Heroes and Heroics

02021-10-20 | Uncategorized | 16 comments

“We have to let go of the heroes and replace them with heroics.”

That’s the sentence by Woody Holton that will stay with me. It comes from this podcast: The Story of America’s Founding You Weren’t Taught in School.

In fact, that podcast should be required listening in every school!

Hero worship is what children do – adults should be able to differentiate between a person’s heroic deeds and their failures. There was Picasso the amazing painter and there was the man who said “For me there are only two kinds of women: goddesses and doormats.” Having said that should in no way dim the importance of the artwork. We make mistakes, we say stupid things, but we can also create wonderful and deep words of wisdom – think of Jefferson who had 600 slaves and freed none, but wrote the preamble to the Declaration of Independence.

I imagine Buddha or Jesus made some awful statements in their youth – it’s just that social media wasn’t there to preserve it forever.

Admiring heroics instead of worshipping heroes is important. Equally important is, perhaps, pointing out someone’s mistakes rather than calling the person a failure. Discard hero but retain heroics, use it as a verb, an action, not a noun. A movement, not a pedestal. Doing so allows a person to be so much fuller, and adds texture and angles. Think diamond rather than glass shard.

“We have to let go of the heroes and replace them with heroics.”

16 Comments

  1. MTCallahan

    Jefferson was on my mind earlier today, considering just what you’ve brought up here. Using a wide lens, he is perhaps “the” founding father. His fingerprints are all over the building blocks of this country and we certainly owe him a debt but, some of his personal actions are hard to accept.

    Looking back, how do we revere (not a Paul joke) his contributions but learn from what we now know were missteps? Accepting faults in a human is easier than a crack in a hero. But sometimes, heroes are needed in our world.

    Reply
    • ottmar

      I would argue that looking for a hero is like trying to find something permanent in a universe that is constantly changing. It’s impossible and not entirely useful. I think the step we need to take as a culture is to refuse to proclaim a person a hero because of a heroic act AND to avoid “cancelling” a person because of a social media post from a few decades ago. Both of these extremes do not seem very useful to me.

      I have this exercise I have been doing for a long time. I let myself call a questionable traffic maneuver by a fellow operator of a vehicle stupid but try very hard not to call the person themselves stupid. It’s a small shift, I know, but rather consequential. Same basic idea though: the action not the person.

      Reply
      • MTCallahan

        Maybe part of what people see in the hero is a sense of permanence in a world of perpetual change. Most people simply aren’t comfortable with change, as any software update will show you.

        Maybe the chance to see that neither heros or constants are realistic is just what we all need. Perhaps that new feature in iOS 15 really is an improvement?

        Reason over road rage is good, too.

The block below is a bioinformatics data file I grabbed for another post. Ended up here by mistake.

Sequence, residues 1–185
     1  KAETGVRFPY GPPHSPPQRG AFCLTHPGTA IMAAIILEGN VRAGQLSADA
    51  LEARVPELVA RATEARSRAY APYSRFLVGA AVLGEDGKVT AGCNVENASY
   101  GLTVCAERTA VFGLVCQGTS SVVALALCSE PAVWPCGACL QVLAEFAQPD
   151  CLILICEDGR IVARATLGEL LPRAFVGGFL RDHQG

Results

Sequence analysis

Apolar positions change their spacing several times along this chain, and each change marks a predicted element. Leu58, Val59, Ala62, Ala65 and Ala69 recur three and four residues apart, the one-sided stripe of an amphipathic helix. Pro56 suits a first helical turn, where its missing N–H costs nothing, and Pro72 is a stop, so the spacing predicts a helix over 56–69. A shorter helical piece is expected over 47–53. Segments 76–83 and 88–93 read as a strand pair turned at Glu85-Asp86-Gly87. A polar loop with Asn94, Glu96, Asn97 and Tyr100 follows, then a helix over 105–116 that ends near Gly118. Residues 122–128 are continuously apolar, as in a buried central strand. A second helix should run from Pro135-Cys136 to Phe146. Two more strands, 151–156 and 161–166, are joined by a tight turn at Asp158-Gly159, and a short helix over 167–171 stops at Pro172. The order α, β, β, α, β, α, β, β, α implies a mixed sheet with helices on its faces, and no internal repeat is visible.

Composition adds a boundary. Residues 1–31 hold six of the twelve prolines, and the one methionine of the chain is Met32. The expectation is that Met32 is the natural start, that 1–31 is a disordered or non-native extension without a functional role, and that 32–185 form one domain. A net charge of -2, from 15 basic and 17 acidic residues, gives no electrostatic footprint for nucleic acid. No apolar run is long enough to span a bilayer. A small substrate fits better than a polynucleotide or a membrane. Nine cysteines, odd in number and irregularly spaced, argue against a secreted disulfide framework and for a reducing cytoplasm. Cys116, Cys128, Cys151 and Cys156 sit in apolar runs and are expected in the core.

Reply
        • ottmar

          That first sentence you wrote is gold. It’s all there.

          “Maybe part of what people see in the hero is a sense of permanence in a world of perpetual change.”

          We are always looking for a sign of permanence to hang our view on.

          Journalist to monk, are you allowed to use email? Monk to journalist, of course we are, but we can’t make attachments.

          Reply
    • Melissa

      Those cracks in our heroes are commonly known as where the light gets in. They’re critical in recognizing that heros ARE human, not only a collective of archetypes or a story in history.

      Sometimes truth is needed in our world.

      We learn through compassion (using the word “missteps” to describe matters that bring us here today is an excellent beginning). The human condition individually, and humankind collectively, longs for insight too often unreachable until those cracks are exposed…unless they’re exposed.

      Perhaps landing on compassion is an ironically painful conclusion under these circumstances, and many feel that context has no place in matters of compassion.. Nonetheless as all sages know, it’s eternally effective.

      Heroic acts are around us every single day in everyday life at every street corner, every job description, every culture, every country, unsung.

      I agree: less heroes, more heroics.

      Realizing cracks in our heros helps us understand why they’re needed at all: they’re just like you, they’re just like me. They ARE you. They ARE me. We each have the capacity to develop heroic compassionate attitudes toward life and each other. It’s contagious, the best medicine, the best food for the soul. The best example for our children, neighbors, family, friends and lovers. Indeed, all living creatures.

      Sounds simple, I know. Because it is.

      This story should be viewed with a 360 view..

      Reply
    • Luna

      Aren’t HOPE (imagination, creativity, courage, inspiration, deep sense of belonging), GENTLENESS (Loving Kindness, vulnerability, authentic support—emotionally, physically, spiritually), PATIENCE, REALLOVING, COMPASSION, INTEGRITY, APPRECIATION, FORGIVENESS,
      AFFECTION, ATTENTION, LOVING CONNECTION, and an unshakeable healthy sense of BELIEF in the things we will never understand as humans,, what we really need to call “Heroes?”
      As it was so beautifully said, we all can act in seeming contradiction in our lives at times. So truly no human can be on the top of mt. everest for long without needing oxygen or dying. Then what? We learn from our cimb, climb back down, and prepare until the next climb up again.
      Perhaps it IS not the who or the what, but the HOW. The heroics give examples of symbolic climbs and HOW each gave or helped someone or something bigger than themselves, for the Highest Good of many. There are many things to learn while climbing…..the qualities I mentioned above.